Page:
In the Syrian city of Maaloula (Ma’loula) The Christian Church began to commence services in the Christian monastery of St. Thecla.
The pilgrims from all around the world traveled to religious shrines before the war.
It was almost completely destroyed and looted by ISIS and Al-Nusra Front. When under pressure from the Syrian Arab army the Retreating Islamists took everything valuable from the temples, including ancient icons, historical manuscripts, icon lamps and altar-cross, church furnishings, tombstones and other valuable items.
The militants destroyed everything they could not hastily take along; some of the buildings were burned.
After the liberation under the support of the government of Syria the citizens of Maaloula started rebuilding churches, assembling church furnishings, religious books and other objects piece by piece.
While in the city there is no influx of tourists and worshipers but locals are sure that people from all over the world, pilgrims, will be able to visit holy places again with the onset of peace and the creation of zones of de-escalation.
But the Christians try not only to rebuild Maaloula, they try to rebuild the relationship between them and the Muslims shattered by ISIS.
A Syrian priest reiterates the fact that Christians will strive to rebuild the trust that has been tainted by violence perpetrated by Islamic State. “We have to rebuild trust between Muslims and Christians even if it’s not easy,” said a Syrian priest Father Mtanios Haddad.
Expressing optimism for a return to his homeland, he said: “We’ll be back, yes. We will return to Iraq, to Mosul, to Syria, to Maalula, to Beirut and to every place we have lived. They are our homes and our lands. So, what are we going to leave them for? To whom? To what civilization? We must go back and rebuild trust between ourselves little by little. Even if it’s not easy.”
Father Haddad is a Syrian and represents the Greek-Catholic patriarch in Rome. According to him, presence of Christianity in the Middle East is not optional but a necessity. “I am convinced that coexistence will not end,” he said.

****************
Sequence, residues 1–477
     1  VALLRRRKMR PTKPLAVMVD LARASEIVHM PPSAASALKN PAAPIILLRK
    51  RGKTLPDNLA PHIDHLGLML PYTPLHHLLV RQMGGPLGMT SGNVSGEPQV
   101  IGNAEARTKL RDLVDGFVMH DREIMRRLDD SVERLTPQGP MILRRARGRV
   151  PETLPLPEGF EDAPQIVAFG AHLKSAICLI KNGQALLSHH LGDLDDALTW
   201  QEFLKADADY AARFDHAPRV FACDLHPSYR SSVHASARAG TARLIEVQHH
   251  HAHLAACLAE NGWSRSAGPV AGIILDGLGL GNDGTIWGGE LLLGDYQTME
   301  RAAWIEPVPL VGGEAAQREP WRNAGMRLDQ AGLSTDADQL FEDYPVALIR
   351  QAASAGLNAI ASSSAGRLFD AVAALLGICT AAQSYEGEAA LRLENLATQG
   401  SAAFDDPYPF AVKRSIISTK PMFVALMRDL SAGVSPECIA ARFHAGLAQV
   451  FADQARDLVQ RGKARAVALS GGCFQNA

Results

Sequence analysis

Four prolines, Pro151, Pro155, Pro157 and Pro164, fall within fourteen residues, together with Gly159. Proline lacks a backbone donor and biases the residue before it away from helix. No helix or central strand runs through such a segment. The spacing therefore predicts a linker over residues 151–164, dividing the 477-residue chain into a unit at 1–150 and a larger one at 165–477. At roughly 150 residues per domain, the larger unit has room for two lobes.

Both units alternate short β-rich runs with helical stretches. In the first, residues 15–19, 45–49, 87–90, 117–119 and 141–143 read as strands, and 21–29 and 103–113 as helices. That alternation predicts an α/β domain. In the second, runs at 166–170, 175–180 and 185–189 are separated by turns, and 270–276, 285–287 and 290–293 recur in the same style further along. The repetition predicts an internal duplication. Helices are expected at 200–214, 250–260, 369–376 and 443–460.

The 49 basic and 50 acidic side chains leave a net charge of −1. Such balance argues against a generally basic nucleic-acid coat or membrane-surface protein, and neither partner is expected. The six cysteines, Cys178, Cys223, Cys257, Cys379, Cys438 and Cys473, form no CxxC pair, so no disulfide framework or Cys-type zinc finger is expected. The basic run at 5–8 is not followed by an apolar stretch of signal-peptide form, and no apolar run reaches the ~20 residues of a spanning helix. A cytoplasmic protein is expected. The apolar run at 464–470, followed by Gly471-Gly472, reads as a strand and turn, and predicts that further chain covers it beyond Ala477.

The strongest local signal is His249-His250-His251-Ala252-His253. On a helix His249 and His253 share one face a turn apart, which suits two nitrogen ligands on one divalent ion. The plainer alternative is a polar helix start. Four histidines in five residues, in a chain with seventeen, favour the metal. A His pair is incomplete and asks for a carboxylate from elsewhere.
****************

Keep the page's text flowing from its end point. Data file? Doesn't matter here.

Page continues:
“It should not end, because if it does, there will be no Christian presence. Without this presence, a new Jihad war could begin between a Muslim East and a Christian West. This Christian presence is what ensures the victory of balance and coexistence,” he explained.
Maaloula is ancient city where most of the inhabitants speak the language of Jesus Christ, the Semitic Aramaic. It is located in the Rif Dimashq Governorate in Syria, 56 km to the northeast of Damascus, and built into the rugged mountainside, at an altitude of more than 1500 m. It is known as one of three remaining villages where Western Aramaic is still spoken, the other two being the nearby villages Jubb’adin and Al-Sarkha (Bakhah).
There are two important monasteries in Ma’loula: the Eastern Catholic Mar Sarkis and Greek Orthodox St. Thecla.
St. Thecla’s monastery
The convent of St. Thecla holds the remains of Thecla, which the second-century Acts of Paul and Thecla accounts a noble virgin and pupil of St. Paul. According to later legend not in the Acts, Taqla was being pursued by soldiers of her father to capture her because of her Christian faith. She came upon a mountain, and after praying, the mountain split open and let her escape through. The town gets its name from this gap or entrance in the mountain. However, there are many variations to this story among the residents of Ma’loula.
One of the oldest surviving monasteries in Syria. It was built on the site of a pagan temple, and has elements which go back to the fifth to sixth century Byzantine period. Mar Sarkis is the Assyrian name for Saint Sergius, a Roman soldier who was executed for his Christian beliefs. This monastery still maintains its solemn historical character.
Mar Sarkis has two of the oldest icons in the world, one depicting the Last Supper.
There are also the remains of numerous monasteries, convents, churches, shrines and sanctuaries. There are some that lie in ruins, while others continue to stand, defying age. Many pilgrims come to Ma’loula, both Muslim and Christian, and they go there to gain blessings and make offerings.
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